But, HEY, it's a "top tier" journal. I suppose there are sacrifices to make in every career. What I learn from this is that patience pays off . . . . . . . eventually. If you begin a project in Fall of 2005 you will taste the sweet fruit of your labors sometime in 2011.

Way to go, Darren!

Wednesday, September 5, 2007

Computer Life

I spend a lot of time on the computer. So much that there is no way to keep my passwords straight. I know, I should use the same password, but some sites only want six letters and a number or some require only one number and seven letters, so there is no way to have a uniform one to make everyone happy. I often can't remember my password to I clink the link that says "forgot your password?" and then I have to remember the answers to the "reminder" questions. But then I have to think if it's Darren's Mom's maiden name or my Mom's maiden name. When I typed in my childhood telephone number, they said it wasn't correct. How dare they? That number will forever be etched in my mind along with a few others that are randomly stored in the archives of my mind.

So I started a new novel, even though the "old" one is still in publishing limbo. Right now it's at the Utah Arts Council Novel Contest, probably at the bottom of the "Are you kidding?" pile. I'm not holding out my hopes. I figure something will happen eventually, maybe when I'm old and gray. I would like something to happen before then, but I am taking to heart what I've been hearing over and over: Writing is a lesson in patience. It takes time to figure out what you're doing. Don't expect anything good to happen for a long time. It's the process not the destination.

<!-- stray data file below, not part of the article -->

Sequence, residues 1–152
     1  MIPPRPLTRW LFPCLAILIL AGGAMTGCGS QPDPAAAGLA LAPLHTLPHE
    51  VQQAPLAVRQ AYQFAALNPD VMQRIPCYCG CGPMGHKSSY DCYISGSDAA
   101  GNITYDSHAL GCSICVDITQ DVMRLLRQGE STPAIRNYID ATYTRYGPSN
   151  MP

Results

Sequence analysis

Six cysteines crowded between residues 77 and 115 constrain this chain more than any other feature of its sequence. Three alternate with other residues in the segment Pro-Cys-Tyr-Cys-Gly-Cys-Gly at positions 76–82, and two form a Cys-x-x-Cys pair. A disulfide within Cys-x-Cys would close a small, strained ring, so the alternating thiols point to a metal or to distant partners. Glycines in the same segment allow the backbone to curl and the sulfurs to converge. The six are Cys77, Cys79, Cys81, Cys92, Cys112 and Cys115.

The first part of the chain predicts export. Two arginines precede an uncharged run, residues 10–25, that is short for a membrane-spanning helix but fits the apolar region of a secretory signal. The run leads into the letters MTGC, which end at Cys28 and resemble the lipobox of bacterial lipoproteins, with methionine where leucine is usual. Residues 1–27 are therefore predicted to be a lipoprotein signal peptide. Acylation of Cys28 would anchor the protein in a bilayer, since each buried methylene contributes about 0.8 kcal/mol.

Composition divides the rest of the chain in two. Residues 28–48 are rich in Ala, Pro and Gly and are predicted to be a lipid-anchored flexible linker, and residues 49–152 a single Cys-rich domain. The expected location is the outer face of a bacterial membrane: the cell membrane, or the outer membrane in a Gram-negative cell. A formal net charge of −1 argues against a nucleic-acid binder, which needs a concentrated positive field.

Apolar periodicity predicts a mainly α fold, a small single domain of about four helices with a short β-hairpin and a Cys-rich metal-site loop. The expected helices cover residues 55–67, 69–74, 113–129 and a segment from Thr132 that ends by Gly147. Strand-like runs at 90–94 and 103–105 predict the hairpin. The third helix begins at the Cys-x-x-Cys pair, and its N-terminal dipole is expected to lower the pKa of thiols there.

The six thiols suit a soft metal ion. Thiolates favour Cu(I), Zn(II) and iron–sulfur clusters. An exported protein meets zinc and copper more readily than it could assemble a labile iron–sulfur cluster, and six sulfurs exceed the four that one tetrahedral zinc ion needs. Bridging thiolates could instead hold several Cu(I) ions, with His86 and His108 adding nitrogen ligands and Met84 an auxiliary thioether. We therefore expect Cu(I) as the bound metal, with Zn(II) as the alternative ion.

So while I'm waiting for that ship to come in, and maybe doing a few things to help in come in, I decided to start building another ship. About 10 days ago I started staying up way too late to write, and I must say things are coming along. I have written 16,000 words in that time. I didn't say they were good words, or even in a nice order, but they are there. Most young adult novels are between 50-70,000 words, so I'm may be a third of the way from having to rewrite it about eight times. But I'm moving forward. Moving forward is better than moving backward, which I have been known to do on more than one ocassion in my life. Just ask Darren.